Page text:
of the three great religions, judaism, christianity, and islam that trace their origins to abraham and see jerusalem as sacred. and it's a story that's inspired communities across the globe, including me and my fellow americans. in the united states, a nation made up of people who crossed oceans to start anew were naturally drawn to the idea of finding freedom in our land. to african-americans, the story of the exodus was perhaps the central story, the most powerful image about emerging from the grip of bondage to reach for liberty and human dignity. a tale that was carried from slavery through the civil rights movement into today. for generations, this promise helped people weather poverty and persecution, while holding on to the hope that a better day was on the horizon. for me, personally, growing up in far-flung parts of the world and without firm roots, the story spoke to a yearning within every human being for a home. of course, even as we draw strength from the story of god's will and his gift of freedom, expressed on passover, we also know that here on earth, we must bear our respo
of its suffering, but also all of its salvation. it's a part of the three great religions, jud judiasm, christianity that trace their roots to abraham and has inspired communities across the globe, including me and my fellow americans. in the united states a nation made up of people who crossed oceans to start anew were actually drawn to the idea of finding freedom in our land. the african-americans, the story of the exodus was perhaps the central story, the most powerful image about emerging from the grip of bondage to reach for liberty and human dignity, a tale that was carried from savory through the civil rights movement into today. for generations this promise helped people weather poverty and persecution while holding onto the hope that a better day was on the horizon. for me personally growing up in far-flung parts of the world and without firm roots the store row spoke to a yearning for every human being for a home. even as we draw strength from god's will and the freedom expressed on pass over we also know that here on earth we must bear our responsibilities in an imperfect wo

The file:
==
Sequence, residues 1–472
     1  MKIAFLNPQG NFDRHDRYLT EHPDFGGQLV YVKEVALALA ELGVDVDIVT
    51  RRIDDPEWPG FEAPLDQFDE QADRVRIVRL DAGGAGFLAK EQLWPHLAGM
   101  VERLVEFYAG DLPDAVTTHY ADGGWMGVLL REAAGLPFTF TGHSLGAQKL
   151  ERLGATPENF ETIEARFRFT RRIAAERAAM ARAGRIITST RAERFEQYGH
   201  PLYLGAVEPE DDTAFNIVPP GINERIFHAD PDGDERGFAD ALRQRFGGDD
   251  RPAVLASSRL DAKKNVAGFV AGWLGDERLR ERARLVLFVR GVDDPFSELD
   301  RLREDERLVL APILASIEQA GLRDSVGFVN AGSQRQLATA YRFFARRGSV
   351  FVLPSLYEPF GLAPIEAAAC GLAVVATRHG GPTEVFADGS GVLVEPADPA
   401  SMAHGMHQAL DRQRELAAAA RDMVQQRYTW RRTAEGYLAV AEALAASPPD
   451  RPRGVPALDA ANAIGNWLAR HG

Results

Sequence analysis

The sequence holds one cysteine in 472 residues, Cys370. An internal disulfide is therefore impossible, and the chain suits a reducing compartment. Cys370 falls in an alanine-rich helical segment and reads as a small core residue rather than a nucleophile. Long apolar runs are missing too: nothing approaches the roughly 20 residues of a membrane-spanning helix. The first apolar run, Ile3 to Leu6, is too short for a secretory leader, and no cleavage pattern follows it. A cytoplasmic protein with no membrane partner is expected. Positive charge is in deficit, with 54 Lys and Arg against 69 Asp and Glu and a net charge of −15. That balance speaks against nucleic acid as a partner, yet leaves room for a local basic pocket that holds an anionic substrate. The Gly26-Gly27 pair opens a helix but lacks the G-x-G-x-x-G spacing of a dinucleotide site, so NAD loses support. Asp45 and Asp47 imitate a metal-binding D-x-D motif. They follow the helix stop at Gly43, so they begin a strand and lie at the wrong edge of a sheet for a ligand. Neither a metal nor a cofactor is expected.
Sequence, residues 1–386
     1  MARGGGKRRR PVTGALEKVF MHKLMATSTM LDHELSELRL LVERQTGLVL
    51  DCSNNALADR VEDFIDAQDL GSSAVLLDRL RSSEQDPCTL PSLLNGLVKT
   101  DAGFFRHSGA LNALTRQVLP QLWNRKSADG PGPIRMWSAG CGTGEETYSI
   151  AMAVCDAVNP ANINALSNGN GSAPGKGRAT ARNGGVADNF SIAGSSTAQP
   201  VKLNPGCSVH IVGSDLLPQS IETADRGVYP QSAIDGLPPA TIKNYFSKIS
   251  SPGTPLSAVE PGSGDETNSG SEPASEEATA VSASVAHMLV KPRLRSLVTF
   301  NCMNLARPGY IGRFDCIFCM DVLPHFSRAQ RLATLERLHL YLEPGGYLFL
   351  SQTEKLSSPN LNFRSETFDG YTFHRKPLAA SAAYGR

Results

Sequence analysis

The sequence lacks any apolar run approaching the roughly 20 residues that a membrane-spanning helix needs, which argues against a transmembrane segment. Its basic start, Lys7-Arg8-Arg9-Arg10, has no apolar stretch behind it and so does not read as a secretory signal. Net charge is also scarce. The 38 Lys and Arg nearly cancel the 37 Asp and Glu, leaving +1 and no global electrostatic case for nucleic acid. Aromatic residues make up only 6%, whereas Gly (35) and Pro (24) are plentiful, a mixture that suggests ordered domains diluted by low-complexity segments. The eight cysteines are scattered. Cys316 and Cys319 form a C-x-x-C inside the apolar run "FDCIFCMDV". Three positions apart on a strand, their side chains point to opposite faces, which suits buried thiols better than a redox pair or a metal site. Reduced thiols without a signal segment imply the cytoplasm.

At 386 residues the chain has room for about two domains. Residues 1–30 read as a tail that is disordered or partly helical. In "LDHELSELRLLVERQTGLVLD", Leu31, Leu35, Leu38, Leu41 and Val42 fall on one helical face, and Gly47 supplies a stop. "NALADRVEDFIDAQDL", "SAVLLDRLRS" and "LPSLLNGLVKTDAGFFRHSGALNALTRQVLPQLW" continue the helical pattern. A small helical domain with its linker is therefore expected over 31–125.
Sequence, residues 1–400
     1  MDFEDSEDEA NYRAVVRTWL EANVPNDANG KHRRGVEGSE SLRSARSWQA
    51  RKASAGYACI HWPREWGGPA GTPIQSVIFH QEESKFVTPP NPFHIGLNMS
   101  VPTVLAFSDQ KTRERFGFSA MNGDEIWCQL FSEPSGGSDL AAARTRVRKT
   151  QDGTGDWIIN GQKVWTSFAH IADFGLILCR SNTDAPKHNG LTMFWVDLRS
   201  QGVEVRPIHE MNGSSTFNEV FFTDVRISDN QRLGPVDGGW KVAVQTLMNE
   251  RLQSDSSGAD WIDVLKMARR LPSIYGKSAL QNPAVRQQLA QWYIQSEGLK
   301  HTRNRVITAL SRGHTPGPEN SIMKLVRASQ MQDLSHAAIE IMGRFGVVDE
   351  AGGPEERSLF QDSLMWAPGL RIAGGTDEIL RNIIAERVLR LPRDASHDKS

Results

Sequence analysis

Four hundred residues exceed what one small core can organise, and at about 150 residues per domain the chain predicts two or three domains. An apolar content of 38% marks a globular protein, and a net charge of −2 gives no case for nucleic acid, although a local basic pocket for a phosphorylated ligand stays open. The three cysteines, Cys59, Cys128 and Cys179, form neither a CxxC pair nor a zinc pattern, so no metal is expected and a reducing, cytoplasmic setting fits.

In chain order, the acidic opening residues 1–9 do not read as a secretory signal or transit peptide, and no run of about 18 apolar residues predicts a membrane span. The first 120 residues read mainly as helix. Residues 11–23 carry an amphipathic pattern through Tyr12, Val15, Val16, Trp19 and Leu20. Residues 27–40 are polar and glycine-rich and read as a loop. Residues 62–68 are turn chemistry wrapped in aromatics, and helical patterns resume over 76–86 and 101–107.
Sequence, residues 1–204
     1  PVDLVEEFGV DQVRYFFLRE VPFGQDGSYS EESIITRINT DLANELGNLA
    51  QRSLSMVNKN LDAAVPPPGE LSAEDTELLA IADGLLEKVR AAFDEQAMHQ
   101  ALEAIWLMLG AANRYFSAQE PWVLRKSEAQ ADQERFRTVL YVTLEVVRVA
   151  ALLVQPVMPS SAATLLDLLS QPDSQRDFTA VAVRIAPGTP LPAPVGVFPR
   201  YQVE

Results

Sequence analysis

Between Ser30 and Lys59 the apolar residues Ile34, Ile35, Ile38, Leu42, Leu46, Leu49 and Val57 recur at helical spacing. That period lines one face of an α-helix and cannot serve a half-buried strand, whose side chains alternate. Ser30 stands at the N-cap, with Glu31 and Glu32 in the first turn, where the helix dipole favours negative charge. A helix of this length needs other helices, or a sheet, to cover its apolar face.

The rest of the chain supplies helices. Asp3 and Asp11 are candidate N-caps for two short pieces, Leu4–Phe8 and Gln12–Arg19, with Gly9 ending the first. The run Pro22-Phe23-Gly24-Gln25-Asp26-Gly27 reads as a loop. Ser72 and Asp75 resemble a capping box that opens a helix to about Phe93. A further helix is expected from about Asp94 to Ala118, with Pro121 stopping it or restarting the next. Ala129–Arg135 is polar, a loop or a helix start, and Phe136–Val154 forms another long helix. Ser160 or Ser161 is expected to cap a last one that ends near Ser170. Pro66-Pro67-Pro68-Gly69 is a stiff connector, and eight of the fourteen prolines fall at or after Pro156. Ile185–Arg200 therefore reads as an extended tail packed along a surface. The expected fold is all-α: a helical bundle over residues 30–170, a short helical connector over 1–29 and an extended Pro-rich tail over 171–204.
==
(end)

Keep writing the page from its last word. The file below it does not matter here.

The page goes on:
to their religion or ethnicity, are starting to push back in some instances. there is a great deal of concern. i want to assure you, i mentioned i have met people the pre syrian army, and we have highlighted the worries of minority groups and christians, not that we are against the sunni majority of syria. we are not. the minorities are nervous and there might -- their rights must be protected and respected. we hear good things from them. i can tell you for example that they have met christian leaders from some of the communities in syria and have told us afterwards that their meetings were populated. we have to keep pushing in that direction. >> thank you. if you could touch on the chemical weapons issues. was called a red line and there have been reports as recently in the last 24 hours about what is actually happening on the ground, whether they have been used, whether they will be used. if you could just talk about what the administration is doing to prevent the transfer of these weapons to groups. thank you. >> we viewed this issue with extreme seriousness. it is incredibly important to us.
that the separation of religion from the state is the salvation of the country, that is the natural ally of the united states, not the islamic side. i think there should be more support for the politics of secularism in iraq. it would not be wrong. in fact, i would say and be necessary and highly desirable for the americans to support their natural allies, which i happen to believe represent the future of iraq and i myself am part of, at a personal level. so, there is this conflict, and this conflict is not resolved on the boards. the outcome of this will depend on how much the united states is willing to put into the right factors to get iraq moving in the right direction. if they fail, it will be very unfortunate, but the people who will pay the price will be the people of iraq and american interests in the region. >> very quickly, the european perspective on the u.s.-iraq relationship. >> i think many people looking at that relationship feel that the u.s. wants to forget about iraq, start looking at it through the rearview mirror, look beyond. and people find that quite difficult to understand, aft
Search Results 0 to 10 of about 11 (some duplicates have been removed)